The fugitive smiled wryly, “But of course, it wasn’t so easy. Nobody found out and it was as if I had evaporated from existence. Eventually, time washed away my relief, and reality struck me hard. I realized my life was now to be spent in isolation, but from time to time I hallucinated. In my dreams, I hear sirens wailing outside of my hut, and my family in agony when they discovered that I was gone. Those dreams, too, were washed away by time, as you can see, now I tell this story with a calm and accepting mindset.”

A silence possessed the room for a few long seconds, and the old recluse spoke up.

“You are right, we will never be men of similar fortune. You have never fretted over money, but I toiled for money, day and night. My father’s cancer, which eventually killed him, put me and my mother in great debt that was impossible to be paid even if I lived for an extra hundred years. Things worsened when my mother aged. One night as I was returning from work, it wasn’t too difficult for me to notice that my mother wasn’t home because we lived in a tiny apartment that could barely fit a bed. My adrenaline rushed as I ran outside, and my legs took me at a speed I’d never imagined being capable of. All the busy bustling of the city was shut down voluntarily shut down by my ears, and my heavy steps were all that I heard. After searching, in absolute detail, the streets, and not finding my mother anywhere, I ran to the park. The rustling of the green leaves and the subtle rosy scent attracted me no more; my mind was preoccupied with my mother. And eventually, I did find her lying on the bench, her face contorted in such agony that she couldn’t speak. Eventually, she was sent to the hospital, and it was diagnosed that she had a broken thigh bone. I asked her and she dismissed my concern with a smile and said ‘at least it’s not the lumbar or spine that broke.’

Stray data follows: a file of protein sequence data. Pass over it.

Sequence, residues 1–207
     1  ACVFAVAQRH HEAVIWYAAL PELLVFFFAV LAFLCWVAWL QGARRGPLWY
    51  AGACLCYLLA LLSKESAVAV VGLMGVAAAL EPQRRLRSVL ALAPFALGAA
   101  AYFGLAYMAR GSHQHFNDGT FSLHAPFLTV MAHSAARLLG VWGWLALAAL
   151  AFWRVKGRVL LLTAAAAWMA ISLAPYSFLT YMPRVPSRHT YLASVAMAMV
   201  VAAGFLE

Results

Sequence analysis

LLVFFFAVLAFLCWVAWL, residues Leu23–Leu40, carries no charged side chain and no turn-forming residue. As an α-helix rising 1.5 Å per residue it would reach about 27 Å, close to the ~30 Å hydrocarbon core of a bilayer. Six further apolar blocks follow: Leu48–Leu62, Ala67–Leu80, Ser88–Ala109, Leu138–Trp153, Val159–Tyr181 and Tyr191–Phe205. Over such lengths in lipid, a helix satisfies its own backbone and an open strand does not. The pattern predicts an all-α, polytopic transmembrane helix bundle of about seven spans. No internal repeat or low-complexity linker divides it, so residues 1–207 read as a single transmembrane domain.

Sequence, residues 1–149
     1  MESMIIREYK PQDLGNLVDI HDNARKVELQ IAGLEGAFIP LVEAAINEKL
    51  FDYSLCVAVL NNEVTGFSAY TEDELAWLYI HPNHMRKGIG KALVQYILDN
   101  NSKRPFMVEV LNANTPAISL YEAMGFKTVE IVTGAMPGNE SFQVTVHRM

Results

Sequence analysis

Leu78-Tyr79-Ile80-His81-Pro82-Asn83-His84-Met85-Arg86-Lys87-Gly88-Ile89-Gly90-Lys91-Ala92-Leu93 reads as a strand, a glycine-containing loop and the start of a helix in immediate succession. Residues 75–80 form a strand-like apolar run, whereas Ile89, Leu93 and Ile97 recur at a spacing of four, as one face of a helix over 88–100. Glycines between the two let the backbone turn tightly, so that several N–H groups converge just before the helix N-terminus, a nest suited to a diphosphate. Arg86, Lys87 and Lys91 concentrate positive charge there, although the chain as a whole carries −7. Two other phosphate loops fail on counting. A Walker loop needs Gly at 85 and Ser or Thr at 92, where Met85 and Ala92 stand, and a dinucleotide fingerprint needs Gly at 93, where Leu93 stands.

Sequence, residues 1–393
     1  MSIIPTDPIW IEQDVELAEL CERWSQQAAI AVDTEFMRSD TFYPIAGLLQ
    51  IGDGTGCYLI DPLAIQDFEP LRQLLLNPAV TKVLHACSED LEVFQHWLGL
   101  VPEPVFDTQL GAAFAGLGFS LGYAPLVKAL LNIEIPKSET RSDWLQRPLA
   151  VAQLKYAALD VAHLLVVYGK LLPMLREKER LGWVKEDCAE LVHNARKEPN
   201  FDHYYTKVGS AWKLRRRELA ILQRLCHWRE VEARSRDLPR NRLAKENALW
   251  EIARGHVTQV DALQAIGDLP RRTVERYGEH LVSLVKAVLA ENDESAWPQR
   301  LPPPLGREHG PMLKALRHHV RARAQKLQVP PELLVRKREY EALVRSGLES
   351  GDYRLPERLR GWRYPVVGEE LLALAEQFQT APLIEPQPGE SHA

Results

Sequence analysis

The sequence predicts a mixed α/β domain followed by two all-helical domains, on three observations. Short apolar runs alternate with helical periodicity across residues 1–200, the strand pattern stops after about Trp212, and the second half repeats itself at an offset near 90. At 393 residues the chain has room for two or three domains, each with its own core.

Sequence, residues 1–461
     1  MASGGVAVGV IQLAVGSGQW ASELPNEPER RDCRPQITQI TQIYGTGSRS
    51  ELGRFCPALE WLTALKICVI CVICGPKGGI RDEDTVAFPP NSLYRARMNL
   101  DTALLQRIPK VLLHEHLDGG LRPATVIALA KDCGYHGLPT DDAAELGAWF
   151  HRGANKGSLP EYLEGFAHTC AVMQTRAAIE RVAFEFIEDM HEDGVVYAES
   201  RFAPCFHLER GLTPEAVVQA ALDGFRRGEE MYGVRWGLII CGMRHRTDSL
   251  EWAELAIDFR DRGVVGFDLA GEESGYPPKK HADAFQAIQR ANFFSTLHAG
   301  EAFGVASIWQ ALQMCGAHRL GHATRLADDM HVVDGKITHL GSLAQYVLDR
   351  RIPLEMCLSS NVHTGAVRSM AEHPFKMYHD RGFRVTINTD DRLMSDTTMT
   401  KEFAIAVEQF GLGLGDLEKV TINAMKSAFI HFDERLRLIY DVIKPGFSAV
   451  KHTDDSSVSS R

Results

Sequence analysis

The fugitive smiled at this. 

“I know, my mother’s always so positive isn’t she, but the difficult thing is yet to come. No, not that her leg and health worsened, but surgery, treatment, and convalescence; the costs of those were insufferable for me. Once again, debt fell on my back like never before, and on the next day when my mother was discharged from the hospital, I carefully told her my plan: I will send her to a nursing home, and flee the city to become a recluse. Immediately, tears trickled from her face, and in her watery eyes, I saw despair and defeat. We both knew that there were no other options, at a nursing home she can be thoroughly cared for, and as a recluse, I would be free from the pressures of society. We bore these pressures with resilience for so long, and in the end, it has finally beaten us.” 

When the recluse finished his story, the fugitive rose and walked to the little stool that stood next to the window and picked up two glasses. The fugitive poured water from a vase-like container into the cups and placed them on the table where the recluse was sitting. Slowly the fugitive took a seat and picked up the glass of water.

“Cheers, old man.”

“Cheers.”

Charlene Jiao

Charlene Jiao ’24 is a writer of the Oracle from Beijing who enjoys dancing, eating, and spending time with animal friends. She is excited to write about technology on the hilltop and fun pieces about student life.